1922 Sanborn fire insurance map, Wilson, N.C.

701 East Green Street was demolished in the 1990s and, unusually for the district, another house was built on the lot.

In the 1925 Wilson city directory, Cora, Irene and Janie Washington are listed at 701 East Green, and their occupations are given as student, teacher and cook.

In the 1928 Wilson city directory, Cora and Janie Washington are listed at 701 East Green, and their occupations are given as teacher and elevator operator at Efirds department store.

In the 1930 census of Wilson, Wilson County: at 701 East Green Street, George Farmer, 55, porter for A.C.L.R.R.; wife Cora, 51, school teacher; daughters Lena, 20, teacher, and Janie L., 23, department store elevator girl; stepdaughter Cora M. Washington, 21 (marked as “absent”); mother-in-law Lou Miller, 75; and boarders Mildred Norfleet, 23, courthouse elevator girl; and Amos Moor, 35, hotel porter. [Janie, in fact, was Cora’s daughter and George’s step-daughter.]

In the 1940 census of Wilson, Wilson County: at 701 East Green Street, public school teacher Cora M. Washington, 30, and nephew James R. Washington, 15.

Samuel Washington died 12 December 1959 at his home at 701 East Green Street. Per his death certificate, he was 92 years old; had never married; worked for the United States Postal Service; and was born in Wilson to Jeremiah Washington and Jane (last name unknown). Informant was Cora Miller Washington Artis.

603 East Green Street.

The fifty-second in a series of posts highlighting buildings in East Wilson Historic District, a national historic district located in Wilson, North Carolina. As originally approved, the district encompasses 858 contributing buildings and two contributing structures in a historically African-American section of Wilson. (A significant number have since been lost.) The district was developed between about 1890 to 1940 and includes notable examples of Queen Anne, Bungalow/American Craftsman, and Shotgun-style architecture. It was listed on the National Register of Historic Places in 1988.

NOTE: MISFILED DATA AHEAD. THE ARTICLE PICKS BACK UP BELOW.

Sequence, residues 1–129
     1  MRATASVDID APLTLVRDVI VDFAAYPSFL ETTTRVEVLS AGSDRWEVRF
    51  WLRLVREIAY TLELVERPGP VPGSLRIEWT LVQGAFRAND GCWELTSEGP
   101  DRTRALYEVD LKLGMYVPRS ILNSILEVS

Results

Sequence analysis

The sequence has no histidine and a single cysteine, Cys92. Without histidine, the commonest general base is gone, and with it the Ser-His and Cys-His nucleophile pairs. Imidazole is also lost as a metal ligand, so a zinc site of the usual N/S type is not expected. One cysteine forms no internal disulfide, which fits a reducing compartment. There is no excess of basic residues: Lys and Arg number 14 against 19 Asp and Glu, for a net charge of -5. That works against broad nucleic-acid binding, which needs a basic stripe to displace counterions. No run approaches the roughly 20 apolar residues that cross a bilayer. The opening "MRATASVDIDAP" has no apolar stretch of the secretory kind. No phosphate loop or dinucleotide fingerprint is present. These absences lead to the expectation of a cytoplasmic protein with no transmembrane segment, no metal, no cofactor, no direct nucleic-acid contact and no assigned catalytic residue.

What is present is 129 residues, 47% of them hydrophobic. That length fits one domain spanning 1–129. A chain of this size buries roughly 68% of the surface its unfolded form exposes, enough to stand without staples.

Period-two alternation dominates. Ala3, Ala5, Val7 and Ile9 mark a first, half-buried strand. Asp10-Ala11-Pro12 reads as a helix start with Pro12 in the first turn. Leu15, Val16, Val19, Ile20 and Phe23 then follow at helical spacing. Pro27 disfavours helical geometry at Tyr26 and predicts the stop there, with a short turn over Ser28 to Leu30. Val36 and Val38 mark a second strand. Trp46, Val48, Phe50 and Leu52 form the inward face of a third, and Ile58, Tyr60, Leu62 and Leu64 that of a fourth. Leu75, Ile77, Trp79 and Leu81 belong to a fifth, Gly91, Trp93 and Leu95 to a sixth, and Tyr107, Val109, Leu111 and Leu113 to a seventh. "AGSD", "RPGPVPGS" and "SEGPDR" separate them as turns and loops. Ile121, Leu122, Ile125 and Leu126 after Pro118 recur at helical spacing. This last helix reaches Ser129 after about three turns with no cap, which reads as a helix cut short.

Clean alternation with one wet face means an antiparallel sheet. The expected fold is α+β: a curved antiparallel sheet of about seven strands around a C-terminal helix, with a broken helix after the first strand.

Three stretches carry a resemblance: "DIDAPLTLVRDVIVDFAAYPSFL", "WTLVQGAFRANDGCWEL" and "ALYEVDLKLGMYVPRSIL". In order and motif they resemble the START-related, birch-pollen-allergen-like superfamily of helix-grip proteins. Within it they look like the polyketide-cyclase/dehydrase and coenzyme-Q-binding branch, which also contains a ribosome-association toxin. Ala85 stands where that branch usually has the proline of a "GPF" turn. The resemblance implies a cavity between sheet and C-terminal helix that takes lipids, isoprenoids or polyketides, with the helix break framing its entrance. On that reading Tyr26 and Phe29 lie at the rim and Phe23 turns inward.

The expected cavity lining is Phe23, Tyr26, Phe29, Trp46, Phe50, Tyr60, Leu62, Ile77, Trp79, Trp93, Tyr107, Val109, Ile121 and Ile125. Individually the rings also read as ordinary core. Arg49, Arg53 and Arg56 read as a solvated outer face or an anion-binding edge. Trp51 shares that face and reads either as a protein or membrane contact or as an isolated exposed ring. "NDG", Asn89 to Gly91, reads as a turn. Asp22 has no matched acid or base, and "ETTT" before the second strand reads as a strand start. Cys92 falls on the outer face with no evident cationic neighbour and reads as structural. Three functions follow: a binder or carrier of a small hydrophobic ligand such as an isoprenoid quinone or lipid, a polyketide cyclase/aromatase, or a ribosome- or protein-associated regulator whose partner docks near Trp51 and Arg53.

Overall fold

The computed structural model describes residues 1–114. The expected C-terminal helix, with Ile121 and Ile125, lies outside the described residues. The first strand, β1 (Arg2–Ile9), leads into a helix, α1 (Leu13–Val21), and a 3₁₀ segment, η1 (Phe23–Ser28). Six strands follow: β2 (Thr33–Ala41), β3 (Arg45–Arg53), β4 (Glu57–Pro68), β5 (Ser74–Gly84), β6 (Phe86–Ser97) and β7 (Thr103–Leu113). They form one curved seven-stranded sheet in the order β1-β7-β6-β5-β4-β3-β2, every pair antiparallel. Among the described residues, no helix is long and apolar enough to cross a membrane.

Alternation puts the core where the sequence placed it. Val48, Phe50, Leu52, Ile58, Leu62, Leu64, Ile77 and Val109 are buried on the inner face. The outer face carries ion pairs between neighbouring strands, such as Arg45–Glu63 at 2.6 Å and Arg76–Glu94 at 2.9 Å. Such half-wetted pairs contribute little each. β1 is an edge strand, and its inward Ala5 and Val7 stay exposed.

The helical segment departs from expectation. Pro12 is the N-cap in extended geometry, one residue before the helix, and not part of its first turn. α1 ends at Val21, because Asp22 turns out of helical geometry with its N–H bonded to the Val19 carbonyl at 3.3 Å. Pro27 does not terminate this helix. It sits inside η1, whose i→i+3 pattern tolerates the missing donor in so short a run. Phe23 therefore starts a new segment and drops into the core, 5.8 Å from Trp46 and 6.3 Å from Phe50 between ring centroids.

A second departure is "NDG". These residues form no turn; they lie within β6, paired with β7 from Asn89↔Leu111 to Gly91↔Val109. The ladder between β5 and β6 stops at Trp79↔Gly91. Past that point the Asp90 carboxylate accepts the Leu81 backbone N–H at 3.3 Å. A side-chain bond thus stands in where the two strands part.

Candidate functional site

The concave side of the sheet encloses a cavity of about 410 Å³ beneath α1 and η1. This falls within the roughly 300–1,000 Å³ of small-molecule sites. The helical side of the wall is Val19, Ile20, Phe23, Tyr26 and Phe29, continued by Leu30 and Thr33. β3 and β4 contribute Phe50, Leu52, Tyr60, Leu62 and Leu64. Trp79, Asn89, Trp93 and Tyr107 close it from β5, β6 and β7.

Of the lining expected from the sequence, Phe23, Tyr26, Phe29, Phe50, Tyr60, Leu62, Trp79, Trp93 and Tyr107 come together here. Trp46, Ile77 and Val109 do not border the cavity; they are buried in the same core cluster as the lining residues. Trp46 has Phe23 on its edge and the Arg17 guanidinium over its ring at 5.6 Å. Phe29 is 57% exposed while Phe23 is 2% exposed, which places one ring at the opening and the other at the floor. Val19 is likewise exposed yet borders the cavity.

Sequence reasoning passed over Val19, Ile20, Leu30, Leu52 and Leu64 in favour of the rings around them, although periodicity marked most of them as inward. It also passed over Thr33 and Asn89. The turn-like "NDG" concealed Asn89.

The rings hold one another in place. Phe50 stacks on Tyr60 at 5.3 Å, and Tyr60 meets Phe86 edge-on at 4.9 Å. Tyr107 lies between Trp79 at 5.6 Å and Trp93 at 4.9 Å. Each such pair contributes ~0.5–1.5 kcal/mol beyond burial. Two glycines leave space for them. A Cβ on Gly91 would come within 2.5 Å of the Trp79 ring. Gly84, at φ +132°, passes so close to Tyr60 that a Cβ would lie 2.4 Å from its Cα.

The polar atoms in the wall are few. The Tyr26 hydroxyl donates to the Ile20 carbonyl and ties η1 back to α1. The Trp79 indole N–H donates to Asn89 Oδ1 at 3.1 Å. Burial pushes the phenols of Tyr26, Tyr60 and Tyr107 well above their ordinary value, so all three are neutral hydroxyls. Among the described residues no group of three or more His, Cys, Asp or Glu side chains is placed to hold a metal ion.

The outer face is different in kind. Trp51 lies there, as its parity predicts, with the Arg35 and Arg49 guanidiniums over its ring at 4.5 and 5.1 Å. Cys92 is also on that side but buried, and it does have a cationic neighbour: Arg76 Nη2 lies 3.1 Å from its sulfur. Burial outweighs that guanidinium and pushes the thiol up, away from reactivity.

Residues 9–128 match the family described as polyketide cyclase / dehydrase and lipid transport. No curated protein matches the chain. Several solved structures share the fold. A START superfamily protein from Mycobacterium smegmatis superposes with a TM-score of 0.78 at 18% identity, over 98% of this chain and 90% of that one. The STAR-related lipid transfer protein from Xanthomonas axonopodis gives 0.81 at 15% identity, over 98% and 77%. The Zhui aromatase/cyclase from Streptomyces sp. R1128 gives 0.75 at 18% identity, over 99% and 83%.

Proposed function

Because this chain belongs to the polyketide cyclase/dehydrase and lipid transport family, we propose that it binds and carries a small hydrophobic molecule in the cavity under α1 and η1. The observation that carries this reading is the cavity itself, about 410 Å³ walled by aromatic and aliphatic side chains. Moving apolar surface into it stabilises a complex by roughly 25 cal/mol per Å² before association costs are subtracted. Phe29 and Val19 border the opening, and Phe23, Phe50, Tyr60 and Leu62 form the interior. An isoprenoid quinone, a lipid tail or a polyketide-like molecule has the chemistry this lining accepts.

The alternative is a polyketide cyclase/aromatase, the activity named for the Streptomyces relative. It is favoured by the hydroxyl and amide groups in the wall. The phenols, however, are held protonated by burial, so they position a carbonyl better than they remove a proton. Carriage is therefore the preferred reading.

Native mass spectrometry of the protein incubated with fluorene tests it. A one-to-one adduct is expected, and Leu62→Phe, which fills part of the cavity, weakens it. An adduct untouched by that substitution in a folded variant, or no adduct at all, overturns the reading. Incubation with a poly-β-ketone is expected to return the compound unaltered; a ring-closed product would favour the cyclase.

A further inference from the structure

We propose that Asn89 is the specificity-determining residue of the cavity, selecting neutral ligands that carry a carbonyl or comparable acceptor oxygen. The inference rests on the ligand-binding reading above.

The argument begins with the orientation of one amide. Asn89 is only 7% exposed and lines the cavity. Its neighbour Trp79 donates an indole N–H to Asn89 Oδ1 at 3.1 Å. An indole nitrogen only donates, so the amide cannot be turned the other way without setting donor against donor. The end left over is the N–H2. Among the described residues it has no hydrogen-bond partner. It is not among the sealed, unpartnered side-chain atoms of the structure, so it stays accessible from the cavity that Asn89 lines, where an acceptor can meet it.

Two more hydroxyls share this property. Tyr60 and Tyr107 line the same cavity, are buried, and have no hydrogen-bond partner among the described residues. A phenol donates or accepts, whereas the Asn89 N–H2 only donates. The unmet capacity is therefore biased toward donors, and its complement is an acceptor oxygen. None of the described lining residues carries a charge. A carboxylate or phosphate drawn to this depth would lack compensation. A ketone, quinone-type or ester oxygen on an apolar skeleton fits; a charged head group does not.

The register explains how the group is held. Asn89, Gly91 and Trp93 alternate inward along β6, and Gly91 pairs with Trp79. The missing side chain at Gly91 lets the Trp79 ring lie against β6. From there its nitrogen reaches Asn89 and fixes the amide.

As described in the nomination form for the East Wilson Historic District: “ca. 1930. 1 1/2 stories. Washington Wilkins house; bungalow with engaged porch and gabled dormer; Wilkins was a carpenter.”

In the 1912 Wilson, N.C., city directory: Wilkins Washington, lab 604 E Green. [603 East Green was formerly numbered 604.]

In 1917, Washington Wilkins registered for the World War I draft in Wilson County. Per his registration card, he was born in 1893 in Wilson County; lived at 604 East Green Street; and worked as a blacksmith for Hackney Wagon Company.

In the 1920 census of Wilson, Wilson County: at 604 Green, wagon factory blacksmith Washington Wilkins, 26, wife Nancy, 24, children George Washington, 4, and Virginia, 2, niece Beatrice Barnes, and sisters Mittie Wilkins, 22, and Lucy Wilkins, 27. Wilkins owned his home subject to mortgage.

In the 1930 census of Wilson, Wilson County: Nancy Wilkins, 30; husband Washington, 40, a city laborer; sister-in-law Lucy Wilkins, 45; sons Washington, 15, and James, 10; daughters Virginia R., 11, and Nancy G., 4; roomers Mary Wilkinson, 23, Davis Carroll, 35, and Adline Adams, 65; and niece Beatrice Barnes, 17. The Wilkins’ house was valued at $4000.

In the 1940 census of Wilson, Wilson County: at 603 Green, plumber Washington Wilkins, 46, wife Nancy, 44, and children George W., 24, and Nancy G., 14.

In 1940, George Washington Wilkins registered for the World War II draft in Wilson County. Per his registration card, he was born 7 June 1915 in Wilson; resided at 603 East Green; his contact was his mother, Nancy Wilkins, 603 East Green; and he worked at Imperial Tobacco Company, corner of Lodge and Factory Streets.

Washington Wilkins died 13 February 1958 at his home in Wilson. Per his death certificate, he lived at 603 East Nash Street (this is clearly an error); was married; was a laborer; and was born 14 June 1894 in Wilson County to Richmond Wilkins and Patsy Armstrong.